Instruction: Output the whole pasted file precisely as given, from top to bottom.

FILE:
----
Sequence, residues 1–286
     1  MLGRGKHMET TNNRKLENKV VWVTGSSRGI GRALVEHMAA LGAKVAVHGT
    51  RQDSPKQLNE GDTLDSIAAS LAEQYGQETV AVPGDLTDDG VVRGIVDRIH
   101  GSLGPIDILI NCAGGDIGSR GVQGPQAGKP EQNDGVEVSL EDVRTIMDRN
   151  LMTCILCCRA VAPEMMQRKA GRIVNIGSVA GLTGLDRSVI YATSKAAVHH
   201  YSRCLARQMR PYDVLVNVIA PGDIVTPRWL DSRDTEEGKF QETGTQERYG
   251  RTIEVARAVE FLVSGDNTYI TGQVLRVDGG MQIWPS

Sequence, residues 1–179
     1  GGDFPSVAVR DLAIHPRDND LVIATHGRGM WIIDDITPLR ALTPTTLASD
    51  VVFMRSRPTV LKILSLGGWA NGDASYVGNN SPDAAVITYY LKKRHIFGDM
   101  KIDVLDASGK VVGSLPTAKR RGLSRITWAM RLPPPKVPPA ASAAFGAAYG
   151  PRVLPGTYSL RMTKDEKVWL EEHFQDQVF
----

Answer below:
Sequence, residues 1–286
     1  MLGRGKHMET TNNRKLENKV VWVTGSSRGI GRALVEHMAA LGAKVAVHGT
    51  RQDSPKQLNE GDTLDSIAAS LAEQYGQETV AVPGDLTDDG VVRGIVDRIH
   101  GSLGPIDILI NCAGGDIGSR GVQGPQAGKP EQNDGVEVSL EDVRTIMDRN
   151  LMTCILCCRA VAPEMMQRKA GRIVNIGSVA GLTGLDRSVI YATSKAAVHH
   201  YSRCLARQMR PYDVLVNVIA PGDIVTPRWL DSRDTEEGKF QETGTQERYG
   251  RTIEVARAVE FLVSGDNTYI TGQVLRVDGG MQIWPS

Sequence, residues 1–179
     1  GGDFPSVAVR DLAIHPRDND LVIATHGRGM WIIDDITPLR ALTPTTLASD
    51  VVFMRSRPTV LKILSLGGWA NGDASYVGNN SPDAAVITYY LKKRHIFGDM
   101  KIDVLDASGK VVGSLPTAKR RGLSRITWAM RLPPPKVPPA ASAAFGAAYG
   151  PRVLPGTYSL RMTKDEKVWL EEHFQDQVF